Five bond issues have failed at the polls in the past dozen years or so.
Considering the recent track record, Superintendent Ryan Huff presented the board with two options to consider -- one different and one very different.
In previous proposals, the focus has been on building a three-grade elementary school to start, then continue to replace buildings every few years until facilities have all been replaced.
In his "Building on the Past: Bridging to the Future" proposal, Huff's first option is similar to the earlier plans, although he proposed building one new elementary school that would house grades one through five, use Northwest Elementary School as the kindergarten center and demolition of Southeast, Eastwood and most of Benton schools.
Option 2 goes in a very different direction.
It would involve building a new high school -- possibly with a 900-1,000-seat performing arts center -- and converting the current high school into an elementary school for grades one through five.
Option 2 would also involve demolishing the 1920s-era buildings, except for a newer section of Benton. Huff listed pros and cons for each option.
Option 1 would cost less and be less complicated to implement, but it would not directly benefit as many people in the community, it has failed at the polls in recent years and would have less impact on economic development.
Option 2 would cost more -- possibly as much as $40 million -- and would be more complicated to achieve, but it would directly benefit more people and would have a greater impact on economic development, he said.
Within Option 2 there are two further options to consider -- whether to purchase land for the new high school or build it on the current high school campus.
Both have pros and cons, Huff said, but one thing he likes about Option 2 is the opportunity to allow curriculum to drive building design rather than having to fit curricular needs within existing spaces.
In both options, the Satellite School would be relocated to a newer section of Benton and its current building would be demolished. Fifth-grade classes would be moved out of Bueker Middle School, and the annex would be demolished.
When he heard the proposed fate of the annex at BMS, board member Wayne Crawford exclaimed, "God bless you."
In both options, all elementary classes would meet in a permanent building. There would be no more "trailer" classrooms.
The district has used a number of modular classrooms, commonly referred to as "the trailers," for several decades to relieve overcrowding.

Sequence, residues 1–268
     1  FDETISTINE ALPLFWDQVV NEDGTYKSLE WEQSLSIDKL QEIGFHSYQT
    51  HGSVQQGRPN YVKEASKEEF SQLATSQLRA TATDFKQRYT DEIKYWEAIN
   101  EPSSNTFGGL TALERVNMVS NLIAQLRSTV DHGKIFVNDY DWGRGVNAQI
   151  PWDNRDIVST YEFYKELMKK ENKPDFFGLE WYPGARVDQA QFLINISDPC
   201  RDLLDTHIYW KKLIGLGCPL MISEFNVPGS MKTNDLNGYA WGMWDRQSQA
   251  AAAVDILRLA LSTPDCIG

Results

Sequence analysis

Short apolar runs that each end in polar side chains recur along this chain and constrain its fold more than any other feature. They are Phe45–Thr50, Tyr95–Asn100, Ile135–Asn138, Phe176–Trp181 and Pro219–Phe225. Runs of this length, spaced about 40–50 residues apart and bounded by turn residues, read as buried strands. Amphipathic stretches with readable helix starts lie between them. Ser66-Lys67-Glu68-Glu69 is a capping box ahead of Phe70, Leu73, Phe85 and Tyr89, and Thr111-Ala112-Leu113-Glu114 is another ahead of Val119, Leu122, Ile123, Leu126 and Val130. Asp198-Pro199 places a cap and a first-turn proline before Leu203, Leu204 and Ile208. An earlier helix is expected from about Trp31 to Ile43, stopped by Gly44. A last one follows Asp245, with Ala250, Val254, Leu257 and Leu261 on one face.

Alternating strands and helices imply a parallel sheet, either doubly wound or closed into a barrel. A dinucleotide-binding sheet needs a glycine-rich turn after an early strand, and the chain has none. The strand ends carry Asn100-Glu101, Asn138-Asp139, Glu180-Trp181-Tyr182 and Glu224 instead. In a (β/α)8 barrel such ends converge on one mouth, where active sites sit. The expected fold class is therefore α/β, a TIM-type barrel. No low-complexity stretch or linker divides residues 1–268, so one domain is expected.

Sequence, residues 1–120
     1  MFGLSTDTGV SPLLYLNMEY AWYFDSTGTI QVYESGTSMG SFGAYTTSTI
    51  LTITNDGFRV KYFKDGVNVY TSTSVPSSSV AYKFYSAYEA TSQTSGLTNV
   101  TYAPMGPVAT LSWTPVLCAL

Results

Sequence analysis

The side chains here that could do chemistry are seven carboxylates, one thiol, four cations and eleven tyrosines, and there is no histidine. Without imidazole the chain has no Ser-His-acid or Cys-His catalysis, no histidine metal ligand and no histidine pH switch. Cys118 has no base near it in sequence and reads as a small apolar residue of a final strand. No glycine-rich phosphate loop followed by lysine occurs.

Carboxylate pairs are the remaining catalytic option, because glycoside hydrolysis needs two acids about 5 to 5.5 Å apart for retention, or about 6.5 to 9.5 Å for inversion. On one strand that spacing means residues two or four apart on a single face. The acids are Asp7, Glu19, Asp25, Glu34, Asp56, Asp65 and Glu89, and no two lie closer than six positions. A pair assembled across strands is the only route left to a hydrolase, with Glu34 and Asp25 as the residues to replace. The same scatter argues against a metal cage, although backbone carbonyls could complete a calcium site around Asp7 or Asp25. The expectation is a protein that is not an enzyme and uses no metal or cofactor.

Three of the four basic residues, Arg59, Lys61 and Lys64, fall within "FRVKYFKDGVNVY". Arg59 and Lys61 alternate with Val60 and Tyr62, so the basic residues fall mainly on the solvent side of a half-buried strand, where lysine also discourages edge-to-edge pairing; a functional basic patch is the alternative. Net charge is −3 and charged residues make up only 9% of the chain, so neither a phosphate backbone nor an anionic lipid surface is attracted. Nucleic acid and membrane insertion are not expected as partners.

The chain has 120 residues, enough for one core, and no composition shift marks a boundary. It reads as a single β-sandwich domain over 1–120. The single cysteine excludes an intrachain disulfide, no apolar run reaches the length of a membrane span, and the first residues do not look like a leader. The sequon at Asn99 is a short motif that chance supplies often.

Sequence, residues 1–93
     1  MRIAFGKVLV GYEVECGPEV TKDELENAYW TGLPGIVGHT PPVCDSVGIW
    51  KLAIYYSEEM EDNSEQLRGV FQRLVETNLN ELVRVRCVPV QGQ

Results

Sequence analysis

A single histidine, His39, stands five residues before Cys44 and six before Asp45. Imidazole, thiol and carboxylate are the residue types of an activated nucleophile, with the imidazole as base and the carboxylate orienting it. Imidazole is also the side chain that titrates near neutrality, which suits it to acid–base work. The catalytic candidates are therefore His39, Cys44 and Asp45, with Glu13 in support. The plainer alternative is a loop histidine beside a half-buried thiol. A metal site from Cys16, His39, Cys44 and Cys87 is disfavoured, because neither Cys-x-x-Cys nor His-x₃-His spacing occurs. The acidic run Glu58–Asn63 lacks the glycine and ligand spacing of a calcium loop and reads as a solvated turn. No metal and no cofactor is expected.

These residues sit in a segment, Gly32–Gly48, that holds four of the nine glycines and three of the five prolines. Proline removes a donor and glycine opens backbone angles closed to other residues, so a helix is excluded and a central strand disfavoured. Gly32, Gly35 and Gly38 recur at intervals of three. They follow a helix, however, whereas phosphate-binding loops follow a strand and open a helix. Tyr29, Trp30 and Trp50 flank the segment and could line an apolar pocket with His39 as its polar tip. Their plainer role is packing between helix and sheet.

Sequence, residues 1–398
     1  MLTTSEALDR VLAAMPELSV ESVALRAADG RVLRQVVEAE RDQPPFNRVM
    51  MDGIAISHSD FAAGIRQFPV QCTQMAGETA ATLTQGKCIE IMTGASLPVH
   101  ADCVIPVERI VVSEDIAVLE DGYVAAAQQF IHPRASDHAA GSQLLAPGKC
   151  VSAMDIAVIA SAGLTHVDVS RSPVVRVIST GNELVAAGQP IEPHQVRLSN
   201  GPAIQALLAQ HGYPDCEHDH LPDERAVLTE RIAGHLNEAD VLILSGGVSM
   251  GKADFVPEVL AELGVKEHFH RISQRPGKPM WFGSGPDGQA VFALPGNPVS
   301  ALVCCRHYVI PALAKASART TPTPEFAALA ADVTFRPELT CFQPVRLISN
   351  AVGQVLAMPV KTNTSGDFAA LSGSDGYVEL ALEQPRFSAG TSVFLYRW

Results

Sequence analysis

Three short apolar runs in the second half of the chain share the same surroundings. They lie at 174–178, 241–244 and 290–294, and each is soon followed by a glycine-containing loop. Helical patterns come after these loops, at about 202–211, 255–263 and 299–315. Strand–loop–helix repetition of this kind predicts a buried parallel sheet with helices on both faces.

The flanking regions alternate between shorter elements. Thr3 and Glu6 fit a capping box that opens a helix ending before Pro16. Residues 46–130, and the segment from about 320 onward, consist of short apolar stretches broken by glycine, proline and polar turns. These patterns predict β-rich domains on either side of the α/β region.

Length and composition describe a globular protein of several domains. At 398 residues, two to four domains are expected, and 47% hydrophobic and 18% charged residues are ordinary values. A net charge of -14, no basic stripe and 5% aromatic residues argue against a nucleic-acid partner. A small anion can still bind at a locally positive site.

The estimated cost of a new high school would be about $32 million, but adapting MHS to serve elementary school needs, rearranging of the sports complex and addition of Astroturf to the football field to enable it to be used by multiple sports and band activities brings the price tag to about $40 million.
Huff said it would be possible to wait six months to a year before demolishing any of the old buildings to see if anyone was interested in buying them to convert them to other uses.
Huff told the board he recommends pursuing Option 2, but he urged the board to postpone placing the issue on the ballot. The board had indicated interest in putting a bond issue on the April 2013 ballot.
The complex plan will take more time than that to properly develop, he said.
The price tag will likely be much higher than the district's bonding capacity, so Huff will propose the district consider a lease-purchase arrangement, which would require increasing the operating levy rather than seeking approval for a debt service levy.
Increasing the operating levy would only require a simple majority to pass, too. Bond issues require four-sevenths or two-thirds majorities, depending on the timing of the election.
The board took no action Tuesday. Huff urged the board to ponder the options and listen to feedback from the community before making a decision.
"Everything is open at this point," he said.
Huff concluded his presentation by offering a Chinese proverb: "The best time to plant a tree was 20 years ago. The second best time is now."
The quote also applies to building schools, he said, noting that construction costs will continue to increase, making postponement an expensive proposition.
After the open meeting, the board convened in closed session to discuss real estate issues. No action was taken.
Board members Wayne Crawford, Larry Godsey, President Kathy Green, Douglas Koehn, Mike Mills, Sherrie Stouffer and Anita Wright were present.